Given the extent of the changes that have been (and have to be) introduced since 2012, the UK tax treatment of residential property can now be both a complex and confusing area to advise on. I summarise below the various taxes that now need to be considered in relation to both existing UK residential property holding structures as well as when considering the appropriate ownership structure for purchasing such properties.
All ‘non-natural persons’ (namely corporates but, importantly, not trustees), irrespective of their residence status, are within the scope of the ATED regime if they hold residential property valued in excess of £1 million (and, from 1 April next year, in excess of £500,000), by reference to its 1 April 2012 value, and are subject to the following annual charges, by reference to the value of the property that they own:
|Property value||Annual chargeable amount 2015/2016|
|£1 million- £2 million||£7,000|
|£2 million - £5 million||£23,350|
|£5 million - £10 million||£54,450|
|£10 million - £20 million||£109,050|
|More than £20 million||£218,200|
An annual charge of £3,500 will apply to non-natural persons who own property with a value greater than £500,000 from 1 April next year.
Reliefs are available from the ATED regime for non-natural persons which run property development, rental and trading businesses, provide employee accommodation, are charities and own farmhouses. However, such reliefs will only be applicable if the relevant property is not (and is not capable of being) occupied by ‘non-qualifying individuals’ (namely, individuals who are beneficially entitled to the property or are connected with a person who is), notwithstanding whether market rent is paid for such occupation.
If a non-natural person falls within the ATED regime, the highest SDLT rate of 15% will apply on a purchase of the property by the company if the property is valued at £500,000 or more. However, if relief is available from ATED, the normal SDLT rates (as set out below) will apply to the purchase.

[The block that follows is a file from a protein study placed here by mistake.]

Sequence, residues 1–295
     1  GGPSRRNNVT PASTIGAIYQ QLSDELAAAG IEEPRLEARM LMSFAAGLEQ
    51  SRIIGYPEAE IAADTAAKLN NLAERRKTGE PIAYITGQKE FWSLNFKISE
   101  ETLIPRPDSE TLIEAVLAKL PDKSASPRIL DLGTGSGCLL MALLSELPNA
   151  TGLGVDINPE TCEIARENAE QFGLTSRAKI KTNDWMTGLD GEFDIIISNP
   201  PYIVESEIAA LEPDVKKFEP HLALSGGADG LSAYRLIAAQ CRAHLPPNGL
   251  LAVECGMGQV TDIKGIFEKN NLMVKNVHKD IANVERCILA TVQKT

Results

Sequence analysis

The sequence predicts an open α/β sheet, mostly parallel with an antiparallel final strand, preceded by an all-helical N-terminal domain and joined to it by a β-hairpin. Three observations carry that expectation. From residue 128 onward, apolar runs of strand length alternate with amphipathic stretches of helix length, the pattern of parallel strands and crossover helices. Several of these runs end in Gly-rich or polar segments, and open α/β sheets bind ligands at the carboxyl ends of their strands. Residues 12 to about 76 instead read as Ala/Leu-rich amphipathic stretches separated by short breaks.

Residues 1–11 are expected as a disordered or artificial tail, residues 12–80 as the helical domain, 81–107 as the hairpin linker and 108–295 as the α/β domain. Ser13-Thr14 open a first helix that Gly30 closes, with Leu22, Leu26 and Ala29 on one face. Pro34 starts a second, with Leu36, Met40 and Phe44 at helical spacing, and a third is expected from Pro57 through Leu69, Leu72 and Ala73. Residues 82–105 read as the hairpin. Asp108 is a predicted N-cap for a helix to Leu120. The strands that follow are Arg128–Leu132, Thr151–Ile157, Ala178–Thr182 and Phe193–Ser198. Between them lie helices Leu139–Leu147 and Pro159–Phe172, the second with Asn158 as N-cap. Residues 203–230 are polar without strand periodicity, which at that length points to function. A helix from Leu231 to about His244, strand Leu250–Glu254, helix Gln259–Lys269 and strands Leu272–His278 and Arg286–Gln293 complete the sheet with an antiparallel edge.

Prior to 4 December 2014, SDLT was calculated on the entire value of the property at a rate determined by which band the overall consideration fell within. The system, often referred to as a ‘slab system’, meant that where the consideration fell close to the band thresholds, a small increase in the value of the property purchased would have a disproportionate effect on the amount of SDLT payable.
The new ‘normal’ rates, as mentioned above, are now banded (in a similar way to income tax) as set out below whereby the SDLT rate will be payable on the portion of the property value which falls within each band:
|Property value||SDLT rate|
|0 - £125,000||0%|
|£125,001 - £250,000||2%|
|£250,001 - £925,000||5%|
|£925,001 - £1,550,000||10%|
|More than £1,550,000||12%|
The practical implication of these changes is that the SDLT payable on the purchase of higher value properties has increased. For example, at today’s rates, the purchase of a £3,000,000 property would give rise to a £273,750 SDLT charge, as opposed to the £210,000 charge which would have arisen prior to 4 December 2014. However, the SDLT payable on the purchase of lower value properties is broadly the same as previously.